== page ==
After a long car ride and a short few moments of panic at being lost in Minneapolis at 11:30 p.m., I was on my way to Kid Lit Con 2010 at the Open Book. And after a long night of little sleep, the next morning I got up bright and early and met Alea at 7:30 a.m. for a fantastically full and fun day of kid lit.
We got through registration quickly and made our way into the big meeting room, where the first session of the day was Maggie Steifvater‘s keynote. Before she spoke, we got to chatting with the folks sitting in front of us: Blythe Woolston (who wrote The Freak Observer which I’ve recently read) and Michele Corriel (who just released her first novel, Fairview Felines). This was just a taste of how many authors we’d run into or end up talking to without even knowing it!
Maggie was without doubt one of the best speakers I’ve ever heard. She was engaging and hilarious, and the bulk of her talk was about how important blogging is and the eight key things she’s learned in the course of blogging. Those eight things were:
1. The world doesn’t need another blog (and the caveat being that it doesn’t stop her nor does it stop her from doing questionable things — she offered up a signed ARC of Linger to a reader who could help her track down size 7 boots, and someone managed to find them and put them on hold under a pseudonym at a Nordstrom’s across the country from Maggie, which blew her away).
2. Boring people offline are boring people online . . . and sometimes interesting people online are boring people online. You need to be interesting.
3. Blogging is a conversation — it’s essential to comment to others and respond to comments you receive.
4. People will learn your cat’s name. Whatever you say in the blogosphere, people will remember.
5. People will make a connection with you. Nurture them.
6. People can find out everything about you. Maggie emphasized how important it is to be yourself on your blog but to also be extremely careful how much you share — she said she mentions she has 2 children but never uses their name or their school because you never know when someone might be a creep about it.
7. Blog readers are real people. Treat them that way.
8. Blog writers should be blog readers. You need to read other blogs and engage in that conversation.
I thought her talk was perhaps the highlight of a very exciting day. She has an energy in her presentation that was infectious. After her talk, I tracked her down and got my copies of Shiver and Linger signed so I can give them away for the summer reading program at my work.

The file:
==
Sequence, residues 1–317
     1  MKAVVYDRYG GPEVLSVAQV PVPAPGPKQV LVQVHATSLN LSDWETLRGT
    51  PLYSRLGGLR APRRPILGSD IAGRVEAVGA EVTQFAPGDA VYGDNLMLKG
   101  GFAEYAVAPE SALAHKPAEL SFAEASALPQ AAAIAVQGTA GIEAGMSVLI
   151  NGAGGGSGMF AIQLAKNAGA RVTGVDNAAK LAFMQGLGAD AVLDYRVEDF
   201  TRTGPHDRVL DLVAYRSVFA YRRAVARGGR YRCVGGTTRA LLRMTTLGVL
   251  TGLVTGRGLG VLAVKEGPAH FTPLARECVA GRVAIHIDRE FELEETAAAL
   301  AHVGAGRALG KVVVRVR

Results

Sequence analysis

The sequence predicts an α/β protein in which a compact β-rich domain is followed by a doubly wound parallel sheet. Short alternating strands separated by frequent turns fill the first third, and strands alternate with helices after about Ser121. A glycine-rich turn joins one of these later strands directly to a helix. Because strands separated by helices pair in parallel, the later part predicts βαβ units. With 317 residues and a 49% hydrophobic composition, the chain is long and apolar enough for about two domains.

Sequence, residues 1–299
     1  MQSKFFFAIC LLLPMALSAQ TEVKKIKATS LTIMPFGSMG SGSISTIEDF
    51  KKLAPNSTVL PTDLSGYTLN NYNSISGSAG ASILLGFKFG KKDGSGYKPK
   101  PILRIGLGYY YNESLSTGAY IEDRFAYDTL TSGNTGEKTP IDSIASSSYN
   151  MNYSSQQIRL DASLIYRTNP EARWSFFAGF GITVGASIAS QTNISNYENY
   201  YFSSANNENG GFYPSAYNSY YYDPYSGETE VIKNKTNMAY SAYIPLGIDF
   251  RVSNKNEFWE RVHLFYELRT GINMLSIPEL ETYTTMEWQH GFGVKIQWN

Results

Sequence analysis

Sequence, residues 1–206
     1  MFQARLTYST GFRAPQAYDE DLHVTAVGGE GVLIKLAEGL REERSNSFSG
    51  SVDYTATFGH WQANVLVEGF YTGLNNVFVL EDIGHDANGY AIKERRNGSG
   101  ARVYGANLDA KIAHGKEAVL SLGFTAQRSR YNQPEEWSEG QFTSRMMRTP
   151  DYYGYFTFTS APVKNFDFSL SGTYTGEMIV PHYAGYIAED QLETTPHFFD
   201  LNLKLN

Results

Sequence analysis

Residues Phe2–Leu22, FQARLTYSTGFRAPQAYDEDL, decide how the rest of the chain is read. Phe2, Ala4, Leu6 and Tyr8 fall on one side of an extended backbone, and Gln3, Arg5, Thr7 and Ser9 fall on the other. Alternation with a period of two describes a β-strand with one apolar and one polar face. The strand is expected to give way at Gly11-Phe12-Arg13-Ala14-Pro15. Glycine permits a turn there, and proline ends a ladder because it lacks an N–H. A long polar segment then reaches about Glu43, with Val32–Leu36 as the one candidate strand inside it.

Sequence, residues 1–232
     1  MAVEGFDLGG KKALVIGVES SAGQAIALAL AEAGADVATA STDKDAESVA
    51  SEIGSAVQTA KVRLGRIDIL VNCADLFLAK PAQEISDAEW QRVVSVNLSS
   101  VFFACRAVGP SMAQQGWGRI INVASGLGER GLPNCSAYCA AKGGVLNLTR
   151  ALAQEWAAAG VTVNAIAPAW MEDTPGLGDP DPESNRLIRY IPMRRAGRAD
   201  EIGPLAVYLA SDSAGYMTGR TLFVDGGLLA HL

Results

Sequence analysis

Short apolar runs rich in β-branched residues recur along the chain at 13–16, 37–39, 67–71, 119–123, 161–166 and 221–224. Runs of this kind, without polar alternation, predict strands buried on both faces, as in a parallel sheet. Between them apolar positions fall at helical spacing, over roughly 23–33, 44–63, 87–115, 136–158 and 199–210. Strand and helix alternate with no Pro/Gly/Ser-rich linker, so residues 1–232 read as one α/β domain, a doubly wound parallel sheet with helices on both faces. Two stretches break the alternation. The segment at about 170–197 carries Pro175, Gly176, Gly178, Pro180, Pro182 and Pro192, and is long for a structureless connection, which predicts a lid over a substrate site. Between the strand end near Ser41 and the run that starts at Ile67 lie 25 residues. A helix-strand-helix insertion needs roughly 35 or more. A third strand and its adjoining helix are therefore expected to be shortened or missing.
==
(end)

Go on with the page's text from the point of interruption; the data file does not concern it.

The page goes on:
Alea and I decided we were going to hit all of the same sessions that day, and our first break out session was “Blog Platforms and Best Practices,” by Ryan Bickett, the internet marketing manager for Lerner Publishing. The session focused on the different platforms and tools available for blogging. While it wasn’t the most useful session for me personally, I did learn about some other kind of cool blogging tools I hadn’t known about before, including Posterous. What’s cool about that is that all of your posts can be emailed in; it looks like a bit of a more powerful Tumblr in terms of posting (though it doesn’t have quite the array of design choices). Perhaps the most interesting aspect of the session was the discussion we had about Livejournal. I’ve been using Livejournal as a personal journaling tool since its inception in 1999, so it was interesting to hear everyone’s take on it. The conclusion was sort of mutual – it’s a “gated” community, and while that’s useful for personal journaling or for the social networking aspects embedded in community pages, it’s not as “professional” a blog tool as some of the others out there. Alea and I got a kick out of then pointing out all of the big names who use Livejournal for their blogs.
The second break out session was about blog touring, and it featured Swati Avasthi (who wrote Split which I really loved), Michele Corriel, Janet Fox (who wrote Faithful) and Jacqueline Houtman (who wrote The Invention of Edison Thomas, a middle grade sciencey fiction book recently selected as a Wisconsin Reads title). Each took a turn talking about something related to blog touring and what they’ve found works and doesn’t work.
Michele spoke first about the importance of strong questions in author interviews — she emphasized that after reading many questions from many bloggers, it’s easy to see what stands out and what sort of seems not valuable. The best questions, in her opinion, are those that show the blogger has done a little research on their author and can lead into discussions of future projects or interesting aspects of their background. Weak questions, she said, are those that don’t necessarily have “a greater purpose,” such as those related to favorite movie quotes, favorite foods, or those that ask something like “did you always want to write.”
Although her thoughts were valuable, Alea and I had a nice discussion of how we didn’t necessarily agree with all of the negative questions. As an interviewer and as a person who reads interviews, I quite like knowing a little personal trivia with my “greater purpose” stuff.